Moving day for your parents will most likely be difficult, even if you are very organized, and if they're glad to give up the house and not have to deal with the yard anymore. Here's a timeline leading up to the big day, giving you two months to get ready.

Two Months Out

Employ a professional moving company. Work with your budget to decide if you would like a full-service move, a la carte (pick and choose what services the movers do) or obtain a moving truck and do it yourself.

Think about if you will require any storage, and where it should be located. The majority of moving companies have storage options, which can be very useful. It’s not uncommon for people to would like to have a few extra alternatives before they make the ultimate determination. In addition, when college-age kids are in the mix, some families elect to hang on to old couches and other items that will be of use in first apartments.

Begin deciding what you parents will take, which items you and your siblings will divvy up, and which items to give to charity. However you prefer to split up, you will need to note what goes to whom. Assorted colored small sticky notes are a good way to keep track, so that the right things wind up arriving at the correct places.

Be flexible with your parents on what to give to charity--although the idea of a yard sale is tempting, if money is not an issue, you will probably do better donating most things and taking the write-off. If they have valuable belongings, ask a local antiques dealer to appraise them before you donate. Some non-profits, like Habitat for Humanity, Goodwill, and the Salvation Army, can even send a truck to collect your donations. Call a few days or so out to organize pick up.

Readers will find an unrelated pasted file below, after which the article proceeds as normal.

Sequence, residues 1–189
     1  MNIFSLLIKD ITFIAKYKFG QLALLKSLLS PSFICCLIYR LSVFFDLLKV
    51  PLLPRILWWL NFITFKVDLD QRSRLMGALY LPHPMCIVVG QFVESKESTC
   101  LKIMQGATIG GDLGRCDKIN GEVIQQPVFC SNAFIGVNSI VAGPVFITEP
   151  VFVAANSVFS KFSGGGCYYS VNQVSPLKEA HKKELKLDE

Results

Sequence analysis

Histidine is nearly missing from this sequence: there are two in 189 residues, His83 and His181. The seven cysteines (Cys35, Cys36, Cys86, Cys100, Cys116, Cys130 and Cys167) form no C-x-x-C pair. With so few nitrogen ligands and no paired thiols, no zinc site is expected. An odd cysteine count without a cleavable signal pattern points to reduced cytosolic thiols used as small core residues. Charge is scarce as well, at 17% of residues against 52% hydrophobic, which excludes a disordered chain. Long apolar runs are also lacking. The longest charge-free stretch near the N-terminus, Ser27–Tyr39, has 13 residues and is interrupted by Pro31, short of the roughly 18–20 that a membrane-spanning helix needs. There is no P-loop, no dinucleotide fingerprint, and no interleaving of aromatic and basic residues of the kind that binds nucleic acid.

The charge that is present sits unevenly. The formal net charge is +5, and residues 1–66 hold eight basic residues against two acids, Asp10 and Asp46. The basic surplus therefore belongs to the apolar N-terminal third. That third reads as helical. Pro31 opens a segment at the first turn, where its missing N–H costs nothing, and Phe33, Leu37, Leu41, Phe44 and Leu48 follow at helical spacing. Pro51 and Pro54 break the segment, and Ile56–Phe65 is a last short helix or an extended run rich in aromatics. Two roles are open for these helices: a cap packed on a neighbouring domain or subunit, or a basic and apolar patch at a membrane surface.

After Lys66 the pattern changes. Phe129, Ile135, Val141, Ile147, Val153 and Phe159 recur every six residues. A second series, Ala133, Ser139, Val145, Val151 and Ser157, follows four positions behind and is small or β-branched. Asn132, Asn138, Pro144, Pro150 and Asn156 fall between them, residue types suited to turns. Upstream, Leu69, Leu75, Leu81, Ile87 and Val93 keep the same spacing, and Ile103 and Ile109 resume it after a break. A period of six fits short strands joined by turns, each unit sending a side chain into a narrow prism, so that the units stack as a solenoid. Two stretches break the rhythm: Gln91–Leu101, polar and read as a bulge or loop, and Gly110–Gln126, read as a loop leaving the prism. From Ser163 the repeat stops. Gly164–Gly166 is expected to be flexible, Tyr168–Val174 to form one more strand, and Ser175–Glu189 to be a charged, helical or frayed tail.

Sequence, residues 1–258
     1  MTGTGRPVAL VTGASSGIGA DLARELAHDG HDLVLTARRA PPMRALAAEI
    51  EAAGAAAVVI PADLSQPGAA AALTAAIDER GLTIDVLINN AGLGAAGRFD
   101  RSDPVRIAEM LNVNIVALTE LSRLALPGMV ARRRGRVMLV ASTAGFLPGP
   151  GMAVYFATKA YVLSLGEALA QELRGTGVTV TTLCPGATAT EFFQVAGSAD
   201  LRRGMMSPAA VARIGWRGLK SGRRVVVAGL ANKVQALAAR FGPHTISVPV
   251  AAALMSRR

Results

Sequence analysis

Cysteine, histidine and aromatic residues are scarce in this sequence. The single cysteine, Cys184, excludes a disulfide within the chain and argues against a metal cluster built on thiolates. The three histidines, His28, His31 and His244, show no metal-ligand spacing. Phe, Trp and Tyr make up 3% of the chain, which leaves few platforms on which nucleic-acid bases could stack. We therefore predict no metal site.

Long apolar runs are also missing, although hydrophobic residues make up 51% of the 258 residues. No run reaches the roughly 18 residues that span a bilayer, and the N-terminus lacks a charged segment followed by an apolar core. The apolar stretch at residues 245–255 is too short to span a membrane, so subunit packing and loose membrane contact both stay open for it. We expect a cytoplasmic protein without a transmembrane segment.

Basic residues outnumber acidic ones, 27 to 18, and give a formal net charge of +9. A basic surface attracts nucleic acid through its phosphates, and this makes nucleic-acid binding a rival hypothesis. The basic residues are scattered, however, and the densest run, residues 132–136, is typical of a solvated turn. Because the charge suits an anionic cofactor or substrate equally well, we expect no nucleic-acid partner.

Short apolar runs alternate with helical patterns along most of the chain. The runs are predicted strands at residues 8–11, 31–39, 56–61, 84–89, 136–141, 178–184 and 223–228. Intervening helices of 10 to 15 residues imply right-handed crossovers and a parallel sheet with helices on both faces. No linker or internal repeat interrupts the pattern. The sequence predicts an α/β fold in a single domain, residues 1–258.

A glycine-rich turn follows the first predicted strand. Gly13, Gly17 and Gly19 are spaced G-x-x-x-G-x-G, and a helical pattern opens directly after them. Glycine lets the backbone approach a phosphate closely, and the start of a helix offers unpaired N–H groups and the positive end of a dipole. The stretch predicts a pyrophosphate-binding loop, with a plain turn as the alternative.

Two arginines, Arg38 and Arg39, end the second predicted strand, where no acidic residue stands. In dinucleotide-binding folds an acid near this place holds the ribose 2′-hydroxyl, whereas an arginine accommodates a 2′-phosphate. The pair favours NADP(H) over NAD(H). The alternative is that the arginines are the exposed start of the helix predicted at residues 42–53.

One Month Out

Begin clearing out cabinets, closets, the basement, garage, etc. If you've got more house than motivation, appoint a company to come clean out after you have moved everything that you want out of the residence. This is positively worth the charge, especially if you live out of town and your parents are having a hard time with the move. You can also arrange to have the moving company move the household goods and personal belongings before the balance of the house is cleared out, sparing your mom and dad from viewing their home looking empty and sad.

If you are performing your own packing, purchase acceptable-quality moving supplies. The moving company will offer the best quality at the lowest cost and can provide packing tips. Again, bring out the sticky notes for the boxes or have a system for keeping them in order. If all of the family is closeby, it's ideal to bring over some big tubs and leave a couple hours later with old prom dresses and swim team trophies all packed up in the car. That is most of the time not the case, so as you pack up the boxes, label them correctly and set them in the recipient's bedroom or a designated corner of the living room.

One Week Out

Verify your dates with the moving company, both for the move to the new residence and taking things to storage. If you're not positive how much storage you will need, they can assist you in figuring it out, you will most likely really need double the space you think.

Moving Day

Plan a two-prong strategy for this day. Have one sibling, grandchild or friend accompany your parents out for brunch, and then on to their new abode. You or a sibling stay behind to manage the movers. Alleviate as much anxiety as you can that morning, so when the moving van pulls up your parents are not tired and anxious. Help them get unpacked and settled, and don't be shocked if they're invited to dinner—they are the new kids on the block and in high demand.